Naturally occurring radioactive elementsbelong to one of three decay series. Each series ends with a stable (nonradioactive) isotope of lead. In the diagram below, the diagonal arrows represent the emission of an alpha particle. This results in a reduction in atomic mass of four units (horizontal scale) and a reduction in atomic number of two (vertical scale). Beta decay increases atomic number by one, but does not affect atomic mass. It is represented by the vertical arrows. There is also a fourth decay series involving artificial radioactive isotopes.
Natural radioactive decay series
Uranium-235 series ends at lead-207
The elements from actinium (Ac) to lawren-cium (Lr) are known as the actinides. They form a series that is an offshoot of Group 3B of the periodic table. These highly radioactive elements have many physical and chemical characteristics in common. The elements beyond uranium are also known as the transuranium elements. Their atomic numbers are higher than 92, the atomic number of uranium. These transuranium elements rarely occur naturally. Only minute amounts of elements 93 and 94— neptunium and plutonium—have been found in nature. All the elements beyond these have been made only synthetically.
Beyond lawrencium, the last of the actinides, six further elements have been identified. Each is very short-lived and highly radioactive. Only a few atoms of each have been observed. In theory, the number of elements and the periodic classification could extend indefinitely. As such, there is a continuous search for new elements. But as the elements get larger, they are likely to get more unstable, undergoing radioactive decay very rapidly. It has been calculated that the element with atomic number 110 would have a half-life of about one ten-thousand millionth of a second. Radioactivity and half-life are explained later in this section.
All of the actinides and the elements beyond lawrencium are very radioactive. This means that the nuclei (centers) of these atoms are unstable. All nuclei (with the exception of the hydrogen nucleus) consist of protons (particles carrying one unit of positive electricity each) and neutrons (particles that are electrically neutral). In a stable (nonradioactive) atom,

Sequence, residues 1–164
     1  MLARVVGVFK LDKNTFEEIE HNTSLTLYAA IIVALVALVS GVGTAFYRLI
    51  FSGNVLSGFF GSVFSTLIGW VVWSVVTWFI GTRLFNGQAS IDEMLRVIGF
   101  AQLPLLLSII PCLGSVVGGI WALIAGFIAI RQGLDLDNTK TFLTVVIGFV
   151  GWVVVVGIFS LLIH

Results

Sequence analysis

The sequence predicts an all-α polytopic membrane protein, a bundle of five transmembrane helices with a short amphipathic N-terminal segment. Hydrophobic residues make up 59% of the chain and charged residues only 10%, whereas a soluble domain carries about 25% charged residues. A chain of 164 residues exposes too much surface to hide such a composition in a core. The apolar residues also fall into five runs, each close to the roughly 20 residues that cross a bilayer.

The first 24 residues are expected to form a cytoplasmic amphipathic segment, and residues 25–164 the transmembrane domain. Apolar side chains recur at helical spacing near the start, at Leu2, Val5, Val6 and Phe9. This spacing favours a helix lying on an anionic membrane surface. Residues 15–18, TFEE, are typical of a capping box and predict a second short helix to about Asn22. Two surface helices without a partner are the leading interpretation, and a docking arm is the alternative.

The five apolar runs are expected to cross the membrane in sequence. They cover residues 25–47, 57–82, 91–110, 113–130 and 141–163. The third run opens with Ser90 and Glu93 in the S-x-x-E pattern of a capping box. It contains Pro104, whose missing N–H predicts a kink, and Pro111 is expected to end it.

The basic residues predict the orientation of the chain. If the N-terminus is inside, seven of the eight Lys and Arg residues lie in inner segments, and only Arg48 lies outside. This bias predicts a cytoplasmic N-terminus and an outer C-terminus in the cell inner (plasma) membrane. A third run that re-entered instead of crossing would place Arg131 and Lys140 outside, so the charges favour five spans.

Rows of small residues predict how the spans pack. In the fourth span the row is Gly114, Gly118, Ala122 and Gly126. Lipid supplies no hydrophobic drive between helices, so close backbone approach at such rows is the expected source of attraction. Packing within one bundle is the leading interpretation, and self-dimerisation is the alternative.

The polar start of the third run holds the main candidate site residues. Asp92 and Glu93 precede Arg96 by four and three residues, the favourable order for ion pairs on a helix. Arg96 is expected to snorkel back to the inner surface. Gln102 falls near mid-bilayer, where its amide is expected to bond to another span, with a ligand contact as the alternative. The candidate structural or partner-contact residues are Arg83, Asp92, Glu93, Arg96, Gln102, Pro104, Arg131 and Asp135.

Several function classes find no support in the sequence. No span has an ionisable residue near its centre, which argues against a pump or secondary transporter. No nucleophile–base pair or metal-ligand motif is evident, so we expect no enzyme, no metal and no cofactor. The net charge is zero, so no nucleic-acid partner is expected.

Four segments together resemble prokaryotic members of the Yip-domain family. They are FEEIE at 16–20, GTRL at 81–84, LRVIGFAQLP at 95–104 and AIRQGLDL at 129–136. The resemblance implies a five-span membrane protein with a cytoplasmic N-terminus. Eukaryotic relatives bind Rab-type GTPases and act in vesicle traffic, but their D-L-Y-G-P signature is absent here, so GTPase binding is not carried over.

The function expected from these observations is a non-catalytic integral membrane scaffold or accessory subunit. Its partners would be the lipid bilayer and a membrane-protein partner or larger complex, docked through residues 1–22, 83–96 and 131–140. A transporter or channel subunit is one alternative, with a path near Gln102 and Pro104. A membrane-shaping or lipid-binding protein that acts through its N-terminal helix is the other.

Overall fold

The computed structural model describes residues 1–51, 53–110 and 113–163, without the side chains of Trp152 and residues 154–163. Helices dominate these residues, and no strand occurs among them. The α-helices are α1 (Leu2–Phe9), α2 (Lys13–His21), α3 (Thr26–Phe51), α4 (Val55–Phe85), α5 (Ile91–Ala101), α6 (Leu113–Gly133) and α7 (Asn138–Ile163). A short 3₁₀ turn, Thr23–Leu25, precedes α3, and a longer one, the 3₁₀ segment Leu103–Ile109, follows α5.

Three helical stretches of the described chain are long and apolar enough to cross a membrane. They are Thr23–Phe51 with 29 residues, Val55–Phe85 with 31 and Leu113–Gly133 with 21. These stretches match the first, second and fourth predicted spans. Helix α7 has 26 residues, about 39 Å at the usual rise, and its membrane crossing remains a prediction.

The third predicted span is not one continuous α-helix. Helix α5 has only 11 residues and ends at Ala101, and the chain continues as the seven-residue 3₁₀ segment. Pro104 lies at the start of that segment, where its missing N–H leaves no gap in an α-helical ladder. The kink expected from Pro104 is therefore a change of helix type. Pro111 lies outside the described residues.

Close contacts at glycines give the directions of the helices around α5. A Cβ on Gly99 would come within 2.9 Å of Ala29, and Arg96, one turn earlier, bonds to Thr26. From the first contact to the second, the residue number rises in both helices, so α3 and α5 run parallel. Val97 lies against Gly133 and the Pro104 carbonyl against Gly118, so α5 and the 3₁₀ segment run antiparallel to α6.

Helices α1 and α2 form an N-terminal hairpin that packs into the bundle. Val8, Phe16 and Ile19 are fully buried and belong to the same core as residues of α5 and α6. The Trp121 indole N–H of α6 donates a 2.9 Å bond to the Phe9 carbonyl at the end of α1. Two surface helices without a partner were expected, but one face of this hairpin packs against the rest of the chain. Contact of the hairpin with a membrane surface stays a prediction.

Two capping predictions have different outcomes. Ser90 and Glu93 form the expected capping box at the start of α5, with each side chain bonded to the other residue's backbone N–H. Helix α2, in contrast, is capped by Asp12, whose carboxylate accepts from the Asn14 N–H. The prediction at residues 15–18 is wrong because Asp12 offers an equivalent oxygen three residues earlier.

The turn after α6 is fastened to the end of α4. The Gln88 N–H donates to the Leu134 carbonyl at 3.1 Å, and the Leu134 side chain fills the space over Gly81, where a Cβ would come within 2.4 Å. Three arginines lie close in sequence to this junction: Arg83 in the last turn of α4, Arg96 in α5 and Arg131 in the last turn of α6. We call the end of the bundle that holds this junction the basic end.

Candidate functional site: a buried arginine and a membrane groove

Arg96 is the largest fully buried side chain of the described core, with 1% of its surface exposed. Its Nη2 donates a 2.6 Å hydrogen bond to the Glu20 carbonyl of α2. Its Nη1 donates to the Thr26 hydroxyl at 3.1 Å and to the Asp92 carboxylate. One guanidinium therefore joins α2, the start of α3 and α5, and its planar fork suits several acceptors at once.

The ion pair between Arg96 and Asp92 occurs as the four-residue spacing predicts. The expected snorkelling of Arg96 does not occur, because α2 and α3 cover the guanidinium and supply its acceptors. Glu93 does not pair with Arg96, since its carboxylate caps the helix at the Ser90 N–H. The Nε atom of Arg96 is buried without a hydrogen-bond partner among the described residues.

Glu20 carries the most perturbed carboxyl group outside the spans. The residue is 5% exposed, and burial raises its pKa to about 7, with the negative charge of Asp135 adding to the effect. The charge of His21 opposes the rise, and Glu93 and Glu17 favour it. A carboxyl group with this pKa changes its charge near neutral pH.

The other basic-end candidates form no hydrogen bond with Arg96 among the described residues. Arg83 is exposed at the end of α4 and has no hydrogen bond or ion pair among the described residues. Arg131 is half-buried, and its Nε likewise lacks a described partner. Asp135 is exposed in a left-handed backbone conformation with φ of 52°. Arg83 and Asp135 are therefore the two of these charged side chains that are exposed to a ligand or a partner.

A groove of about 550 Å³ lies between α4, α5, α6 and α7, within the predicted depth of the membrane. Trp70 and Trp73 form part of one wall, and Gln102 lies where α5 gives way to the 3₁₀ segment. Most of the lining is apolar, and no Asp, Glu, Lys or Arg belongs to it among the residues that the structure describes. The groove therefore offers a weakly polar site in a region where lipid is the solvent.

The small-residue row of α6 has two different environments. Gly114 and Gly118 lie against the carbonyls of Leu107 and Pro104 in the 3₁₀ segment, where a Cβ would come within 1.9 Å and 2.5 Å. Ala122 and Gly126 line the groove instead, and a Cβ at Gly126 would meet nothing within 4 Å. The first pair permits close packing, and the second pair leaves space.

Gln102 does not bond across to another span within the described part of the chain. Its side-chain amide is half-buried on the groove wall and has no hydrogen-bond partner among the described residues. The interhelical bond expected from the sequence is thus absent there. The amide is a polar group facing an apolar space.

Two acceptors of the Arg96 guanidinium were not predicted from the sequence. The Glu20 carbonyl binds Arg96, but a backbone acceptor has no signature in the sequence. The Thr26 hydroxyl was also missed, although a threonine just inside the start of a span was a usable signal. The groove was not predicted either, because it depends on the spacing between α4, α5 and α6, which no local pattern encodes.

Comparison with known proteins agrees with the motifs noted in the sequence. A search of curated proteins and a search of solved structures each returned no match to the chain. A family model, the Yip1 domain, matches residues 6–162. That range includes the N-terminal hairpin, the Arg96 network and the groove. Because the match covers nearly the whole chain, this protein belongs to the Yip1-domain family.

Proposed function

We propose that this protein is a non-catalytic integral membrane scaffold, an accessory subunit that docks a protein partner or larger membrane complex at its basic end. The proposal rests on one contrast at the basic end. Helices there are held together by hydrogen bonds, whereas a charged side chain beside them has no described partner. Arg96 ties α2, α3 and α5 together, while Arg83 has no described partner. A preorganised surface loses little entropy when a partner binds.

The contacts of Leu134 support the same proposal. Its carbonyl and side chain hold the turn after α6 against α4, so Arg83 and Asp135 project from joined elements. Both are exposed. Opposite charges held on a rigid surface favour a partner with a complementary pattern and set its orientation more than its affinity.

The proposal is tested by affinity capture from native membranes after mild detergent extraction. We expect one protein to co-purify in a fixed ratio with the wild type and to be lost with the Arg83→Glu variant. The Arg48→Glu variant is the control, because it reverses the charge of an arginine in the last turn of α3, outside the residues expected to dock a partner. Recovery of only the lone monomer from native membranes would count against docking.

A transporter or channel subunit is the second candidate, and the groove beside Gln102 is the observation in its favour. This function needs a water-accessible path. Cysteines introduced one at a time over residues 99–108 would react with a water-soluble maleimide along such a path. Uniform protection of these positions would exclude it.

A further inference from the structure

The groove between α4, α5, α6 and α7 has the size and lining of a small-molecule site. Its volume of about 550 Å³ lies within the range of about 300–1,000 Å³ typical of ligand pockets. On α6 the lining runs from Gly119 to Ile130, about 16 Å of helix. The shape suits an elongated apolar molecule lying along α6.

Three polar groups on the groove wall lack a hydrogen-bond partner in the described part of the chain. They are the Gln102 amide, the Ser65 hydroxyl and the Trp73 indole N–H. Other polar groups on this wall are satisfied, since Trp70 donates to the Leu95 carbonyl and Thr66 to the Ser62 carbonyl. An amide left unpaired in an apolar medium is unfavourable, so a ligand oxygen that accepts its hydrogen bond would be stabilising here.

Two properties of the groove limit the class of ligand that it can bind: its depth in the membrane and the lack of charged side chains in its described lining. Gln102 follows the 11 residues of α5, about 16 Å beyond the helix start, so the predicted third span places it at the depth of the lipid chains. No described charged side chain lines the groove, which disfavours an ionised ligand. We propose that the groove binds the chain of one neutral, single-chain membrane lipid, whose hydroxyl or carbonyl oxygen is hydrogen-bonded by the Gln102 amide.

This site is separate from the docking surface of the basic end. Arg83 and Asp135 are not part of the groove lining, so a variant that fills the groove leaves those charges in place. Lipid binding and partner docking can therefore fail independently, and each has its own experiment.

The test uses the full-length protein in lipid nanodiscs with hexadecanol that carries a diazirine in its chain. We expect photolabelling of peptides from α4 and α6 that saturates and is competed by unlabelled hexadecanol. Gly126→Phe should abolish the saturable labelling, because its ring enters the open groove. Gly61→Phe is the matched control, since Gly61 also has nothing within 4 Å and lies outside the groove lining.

the protons are balanced by the neutrons. In a radioactive atom, the neutrons are unable to counteract the electrostatic forces between the protons. As a result, the nucleus of a radioactive atom throws out excess protons and neutrons, trying to reach a stable condition. These excess protons and neutrons are emitted as energy in the form of alpha particles, beta particles, or gamma rays. By emitting these particles, the nucleus of an atom of one element changes and becomes an atom of another element.
If the immediate product of radioactive decay is itself radioactive, it also decays to form another element. This process continues until the particular atom has become an atom of a stable element. For example, one of the isotopes of uranium decays spontaneously through 16 elemental changes, before becoming a stable isotope of lead.
All the elements from actinium onward are continually undergoing such changes at different rates, producing different isotopes with different half-lives. A half-life is the length of time it takes for half the atoms of a radioactive substance to break down or decay. For the elements with higher atomic numbers, these half-lives are short and the radioactive decay is rapid. For some of the elements with lower atomic numbers, however, such as thorium and protactinium, the half-lives are much longer—in the range of many thousands or millions of years. For example, a particular isotope of thorium, which occurs naturally, has a half-life of 13,900 million years.
Thorium-232 series ends at lead-208
All the actinides are metals, showing physical and chemical metallic characteristics. Ac-
Major groups of elements: The actinides and beyond 61
tinium is a silvery-white substance that glows in the dark because of its radioactivity. Otherwise, its chemistry is very similar to that of lanthanum, which is just above it in the periodic table. Thorium is again a white metal, but it tarnishes rapidly in the air. It can be machined and forged. It loses electrons very easily and catches fire in air if it is in finely divided form. Protactinium is an unreactive metal that tarnishes in air.